The minutes from the Federal Reserve on Wednesday, which we were hoping would provide additional clarity on its interest rate expectations, instead displayed the uncertainty the central bank has about how to proceed, largely due to the unknown effects of what Donald Trump’s stimulus plans will have on the economy and inflation.
Oil traders from around the world, including the United States, Britain and Brazil, have tripled their sales to Asia as they take advantage of an emerging supply gap following OPEC-led production cuts announced late last year.
Super Thursday marks the day once a quarter when the Bank of England announces its latest monetary policy decision, releases the minutes of the meeting, its quarterly inflation report including new forecasts and Governor Mark Carney chairs a press conference. Needless to say, it’s often quite an eventful day, particularly in post-Brexit Britain when so much uncertainty exists for the economy.
The Federal Reserve kept interest rates unchanged on Wednesday in its first meeting since President Donald Trump took office, but painted a relatively upbeat picture of the U.S. economy that suggested it was on track to tighten monetary policy this year.
Information received since the Federal Open Market Committee met in December indicates that the labor market has continued to strengthen and that economic activity has continued to expand at a moderate pace. Job gains remained solid and the unemployment rate stayed near its recent low.
Whether you consider 2016 a good or a bad year, it was by no doubt the year of surprises. Not just because Donald Trump was elected the 45th president of the United Stated or because the UK decided to leave the EU, but the markets’ reactions to these events were even more surprising and most forecasters got it wrong.
In the 1993 movie Groundhog Day, Bill Murray plays an arrogant weatherman who gets stuck in a "time loop" and is forced to relive the same day hundreds of times. Lately, the Federal Reserve has been feeling a bit like Bill Murray on a slightly longer timeframe. Tell me if this sounds familiar...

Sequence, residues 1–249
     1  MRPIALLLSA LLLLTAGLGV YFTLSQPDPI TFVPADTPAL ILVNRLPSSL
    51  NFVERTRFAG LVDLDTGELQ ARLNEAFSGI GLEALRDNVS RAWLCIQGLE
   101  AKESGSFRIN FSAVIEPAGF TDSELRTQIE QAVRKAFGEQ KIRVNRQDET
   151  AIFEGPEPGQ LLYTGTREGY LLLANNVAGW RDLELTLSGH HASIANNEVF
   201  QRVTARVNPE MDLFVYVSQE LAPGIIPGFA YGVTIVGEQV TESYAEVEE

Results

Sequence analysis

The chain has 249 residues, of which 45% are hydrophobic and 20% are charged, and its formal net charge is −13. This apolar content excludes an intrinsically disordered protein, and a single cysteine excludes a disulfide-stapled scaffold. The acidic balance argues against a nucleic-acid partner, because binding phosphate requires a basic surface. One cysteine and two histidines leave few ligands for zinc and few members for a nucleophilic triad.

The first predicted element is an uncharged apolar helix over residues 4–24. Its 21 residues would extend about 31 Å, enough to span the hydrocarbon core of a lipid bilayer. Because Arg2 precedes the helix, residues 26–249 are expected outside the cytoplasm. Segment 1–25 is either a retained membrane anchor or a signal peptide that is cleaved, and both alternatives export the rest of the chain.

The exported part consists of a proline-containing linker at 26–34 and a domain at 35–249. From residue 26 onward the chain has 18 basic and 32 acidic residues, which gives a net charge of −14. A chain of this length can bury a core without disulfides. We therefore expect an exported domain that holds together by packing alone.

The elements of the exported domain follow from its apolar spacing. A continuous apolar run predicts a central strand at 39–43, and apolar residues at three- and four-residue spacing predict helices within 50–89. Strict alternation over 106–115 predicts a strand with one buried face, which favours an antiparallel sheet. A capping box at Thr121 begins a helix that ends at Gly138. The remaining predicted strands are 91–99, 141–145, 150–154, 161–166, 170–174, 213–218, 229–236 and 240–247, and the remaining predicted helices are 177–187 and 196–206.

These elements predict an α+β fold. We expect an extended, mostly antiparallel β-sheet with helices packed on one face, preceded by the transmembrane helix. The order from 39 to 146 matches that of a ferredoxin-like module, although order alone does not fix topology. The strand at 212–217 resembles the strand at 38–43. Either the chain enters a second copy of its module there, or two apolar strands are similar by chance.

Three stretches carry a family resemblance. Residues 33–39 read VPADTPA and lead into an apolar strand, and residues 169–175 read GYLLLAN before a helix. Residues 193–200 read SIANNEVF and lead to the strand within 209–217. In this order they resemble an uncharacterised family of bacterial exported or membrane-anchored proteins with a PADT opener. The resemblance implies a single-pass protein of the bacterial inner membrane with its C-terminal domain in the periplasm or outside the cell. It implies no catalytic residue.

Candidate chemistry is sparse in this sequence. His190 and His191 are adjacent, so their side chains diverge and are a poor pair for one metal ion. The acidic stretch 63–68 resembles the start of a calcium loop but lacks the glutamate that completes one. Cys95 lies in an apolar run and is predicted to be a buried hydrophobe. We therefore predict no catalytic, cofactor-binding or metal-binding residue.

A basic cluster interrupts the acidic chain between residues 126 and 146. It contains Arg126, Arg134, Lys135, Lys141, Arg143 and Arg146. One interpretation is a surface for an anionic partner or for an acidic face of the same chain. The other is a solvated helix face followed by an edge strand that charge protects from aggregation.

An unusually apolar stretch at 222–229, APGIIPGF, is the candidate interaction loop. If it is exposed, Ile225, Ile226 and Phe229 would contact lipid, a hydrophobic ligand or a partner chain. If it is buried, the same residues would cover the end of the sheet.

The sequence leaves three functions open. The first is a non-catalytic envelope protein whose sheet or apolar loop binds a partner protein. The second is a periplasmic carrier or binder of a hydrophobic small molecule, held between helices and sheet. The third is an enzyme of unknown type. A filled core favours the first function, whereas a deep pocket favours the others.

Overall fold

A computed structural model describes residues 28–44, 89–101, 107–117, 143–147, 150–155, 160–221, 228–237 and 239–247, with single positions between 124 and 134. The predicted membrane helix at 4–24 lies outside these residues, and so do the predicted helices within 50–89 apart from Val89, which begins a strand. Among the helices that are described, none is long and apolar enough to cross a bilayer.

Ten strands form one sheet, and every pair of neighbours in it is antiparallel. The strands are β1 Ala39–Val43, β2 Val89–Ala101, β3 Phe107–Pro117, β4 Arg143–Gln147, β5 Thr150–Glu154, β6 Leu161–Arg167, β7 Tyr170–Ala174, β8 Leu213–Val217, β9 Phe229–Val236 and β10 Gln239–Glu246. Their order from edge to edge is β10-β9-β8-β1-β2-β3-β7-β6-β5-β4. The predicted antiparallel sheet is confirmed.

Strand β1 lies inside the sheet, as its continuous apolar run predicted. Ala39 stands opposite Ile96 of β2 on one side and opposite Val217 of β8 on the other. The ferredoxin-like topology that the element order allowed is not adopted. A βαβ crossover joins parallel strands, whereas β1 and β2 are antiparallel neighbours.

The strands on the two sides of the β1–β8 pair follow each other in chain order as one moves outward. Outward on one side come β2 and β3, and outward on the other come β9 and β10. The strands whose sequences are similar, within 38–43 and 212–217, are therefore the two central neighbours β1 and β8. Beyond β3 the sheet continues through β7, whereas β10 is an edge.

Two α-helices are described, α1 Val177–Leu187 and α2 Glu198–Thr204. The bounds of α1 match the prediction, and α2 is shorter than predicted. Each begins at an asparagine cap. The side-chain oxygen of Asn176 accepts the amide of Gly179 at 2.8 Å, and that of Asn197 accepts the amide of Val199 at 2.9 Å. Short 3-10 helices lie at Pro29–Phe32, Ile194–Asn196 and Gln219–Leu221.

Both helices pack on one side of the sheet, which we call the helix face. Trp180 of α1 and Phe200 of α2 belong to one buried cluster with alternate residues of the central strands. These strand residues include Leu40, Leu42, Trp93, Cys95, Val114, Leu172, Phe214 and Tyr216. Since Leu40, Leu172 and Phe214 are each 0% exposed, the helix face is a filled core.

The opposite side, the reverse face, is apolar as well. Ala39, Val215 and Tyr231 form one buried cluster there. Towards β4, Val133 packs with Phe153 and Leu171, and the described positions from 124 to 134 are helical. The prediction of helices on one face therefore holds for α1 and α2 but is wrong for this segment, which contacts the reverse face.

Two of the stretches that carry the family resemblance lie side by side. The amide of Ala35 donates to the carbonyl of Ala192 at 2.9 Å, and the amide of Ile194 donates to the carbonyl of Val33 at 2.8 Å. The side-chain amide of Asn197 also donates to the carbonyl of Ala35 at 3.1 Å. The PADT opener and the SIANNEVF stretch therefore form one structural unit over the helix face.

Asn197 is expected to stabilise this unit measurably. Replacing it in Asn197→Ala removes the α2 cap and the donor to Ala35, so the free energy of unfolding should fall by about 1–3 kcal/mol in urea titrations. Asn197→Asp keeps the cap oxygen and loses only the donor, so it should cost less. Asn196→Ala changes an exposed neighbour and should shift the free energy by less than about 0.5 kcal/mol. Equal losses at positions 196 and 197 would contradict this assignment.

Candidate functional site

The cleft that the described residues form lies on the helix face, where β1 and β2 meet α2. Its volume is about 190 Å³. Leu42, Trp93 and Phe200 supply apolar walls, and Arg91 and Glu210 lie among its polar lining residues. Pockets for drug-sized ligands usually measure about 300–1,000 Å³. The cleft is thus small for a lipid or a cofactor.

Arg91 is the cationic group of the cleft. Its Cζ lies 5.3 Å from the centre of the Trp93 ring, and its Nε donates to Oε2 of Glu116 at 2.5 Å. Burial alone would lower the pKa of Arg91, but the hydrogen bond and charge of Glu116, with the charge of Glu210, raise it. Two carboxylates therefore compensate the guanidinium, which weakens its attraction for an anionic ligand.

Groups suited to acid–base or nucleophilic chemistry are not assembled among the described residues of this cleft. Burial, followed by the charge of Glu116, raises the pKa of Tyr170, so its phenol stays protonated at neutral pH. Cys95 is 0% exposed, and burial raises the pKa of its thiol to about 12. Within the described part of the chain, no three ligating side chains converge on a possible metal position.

Global equities, currencies and commodities took a hit after the Federal Reserve’s decision to raise interest rates on Wednesday for the second time in a decade. The 25-basis points increase was almost fully priced in and didn’t take market participants by surprise, but the strong reaction seen in the dollar and U.S. bond yields was due to the new projections for 2017, which showed the central bank now expects three rate hikes for 2017 rather than only two seen in September.
Sterling was under renewed pressure against the Dollar during late trading on Wednesday as sellers exploited the hawkish FOMC meeting to send the GBP/USD to fresh two-week lows at 1.2507. The ongoing Brexit uncertainty this quarter has made it increasingly difficult for sterling to maintain gains while dollar’s explosive rebound from the rising prospects of further U.S. rate hikes in 2017 could expose the GBP/USD to steeper losses.
The U.S. based indices closed lower this afternoon on the heels of the FOMC rate hike of 25 basis points. Asian stocks closed mixed in the overnight session as equities in Europe were lower this morning. As the FOMC’s decision to raise rates resonated in the markets, traders saw the strength in the U.S. dollar continue to multi-year highs.